To Save a Life
You know that kid in your class, the one who is always alone? Or how about the one who is laughed at? Doesn’t talk to anyone? Did you ever think that maybe they need a friend to stop their thoughts of suicide? Suicide is the third largest cause of death for ages 15-24, surpassed only by accidents and homicide.
Teenagers have a tremendous pressure to fit in socially, to perform academically, and to act responsibly. KidsHealth.com says “A teen with an adequate support network of friends, family, religious affiliations, peer groups, or extracurricular activities may have an outlet to deal with everyday frustrations. However, many teens don’t believe they have that, and feel disconnected and isolated from family and friends. These teens are at increased risk for suicide.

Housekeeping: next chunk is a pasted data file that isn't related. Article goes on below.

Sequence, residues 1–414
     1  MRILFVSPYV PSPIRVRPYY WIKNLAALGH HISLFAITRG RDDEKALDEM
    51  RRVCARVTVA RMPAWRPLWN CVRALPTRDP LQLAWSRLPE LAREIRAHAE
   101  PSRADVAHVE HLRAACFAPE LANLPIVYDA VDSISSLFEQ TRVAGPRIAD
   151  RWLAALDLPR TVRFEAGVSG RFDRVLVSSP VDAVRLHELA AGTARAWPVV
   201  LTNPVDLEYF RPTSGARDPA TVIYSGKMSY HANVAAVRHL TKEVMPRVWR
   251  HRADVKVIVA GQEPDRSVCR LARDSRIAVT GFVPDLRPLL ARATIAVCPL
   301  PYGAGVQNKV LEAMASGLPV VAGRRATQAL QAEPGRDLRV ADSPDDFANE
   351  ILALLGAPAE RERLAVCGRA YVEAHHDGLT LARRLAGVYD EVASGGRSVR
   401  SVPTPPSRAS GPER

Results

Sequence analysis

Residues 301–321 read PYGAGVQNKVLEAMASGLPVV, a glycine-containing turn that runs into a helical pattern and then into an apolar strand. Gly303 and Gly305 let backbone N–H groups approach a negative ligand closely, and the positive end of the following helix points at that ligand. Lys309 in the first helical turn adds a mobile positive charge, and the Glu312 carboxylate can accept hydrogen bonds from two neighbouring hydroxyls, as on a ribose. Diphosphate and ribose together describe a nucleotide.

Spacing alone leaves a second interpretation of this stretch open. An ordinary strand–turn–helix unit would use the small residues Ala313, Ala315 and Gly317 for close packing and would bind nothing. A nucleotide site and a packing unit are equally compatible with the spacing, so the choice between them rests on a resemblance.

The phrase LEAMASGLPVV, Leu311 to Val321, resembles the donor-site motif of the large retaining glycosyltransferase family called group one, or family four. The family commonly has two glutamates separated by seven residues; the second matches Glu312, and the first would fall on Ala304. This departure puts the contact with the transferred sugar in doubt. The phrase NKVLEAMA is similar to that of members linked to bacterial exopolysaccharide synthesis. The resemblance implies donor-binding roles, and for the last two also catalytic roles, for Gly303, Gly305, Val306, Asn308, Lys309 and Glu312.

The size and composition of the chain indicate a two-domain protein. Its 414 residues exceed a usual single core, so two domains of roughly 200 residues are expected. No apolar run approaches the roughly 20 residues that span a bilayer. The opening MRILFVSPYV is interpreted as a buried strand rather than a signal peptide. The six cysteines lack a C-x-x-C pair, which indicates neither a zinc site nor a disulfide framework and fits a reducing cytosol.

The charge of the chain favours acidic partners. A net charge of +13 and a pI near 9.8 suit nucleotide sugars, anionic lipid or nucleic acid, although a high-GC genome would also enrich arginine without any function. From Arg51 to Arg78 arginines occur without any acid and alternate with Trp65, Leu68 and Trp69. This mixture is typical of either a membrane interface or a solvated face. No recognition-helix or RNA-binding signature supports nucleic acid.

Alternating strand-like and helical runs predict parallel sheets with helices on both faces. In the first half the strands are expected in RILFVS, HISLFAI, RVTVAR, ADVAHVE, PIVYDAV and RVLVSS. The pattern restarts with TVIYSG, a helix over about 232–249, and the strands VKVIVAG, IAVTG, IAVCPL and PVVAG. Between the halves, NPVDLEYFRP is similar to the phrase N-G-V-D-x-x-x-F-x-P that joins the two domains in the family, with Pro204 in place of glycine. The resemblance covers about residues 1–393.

” I recently watched a movie called “To Save a Life”. In the movie, two best friends are inseparable throughout childhood. During freshman year though, one of the boys branched out to “popularity” leaving the other boy behind. The boy who saved his life and now is teased of a limp because of it. Three years later, the boy commits suicide in the school.
Mr. Popularity then changes his ways. Makes new friends, even one who considered suicide every day but stopped because of his new friend. I recommend this movie to everyone. Girls usually think and attempt suicide twice as much as boys do.
Girls also tend to cut themselves or overdose on medication when attempting suicide. Boys die by suicide four times more than girls do. They also tend to use more lethal ways of attempting suicide like hanging, jumping, or shooting. Some key warning signs are: talking about “going away”, talking about death, talking about suicide, feeling hopeless or guilty, pulling away from friends and family, lose the desire in favorite hobbies and activities, experience changes in sleeping or eating orders, and self-destructive behavior. Making friends with the kid, who is teased at, can save a life.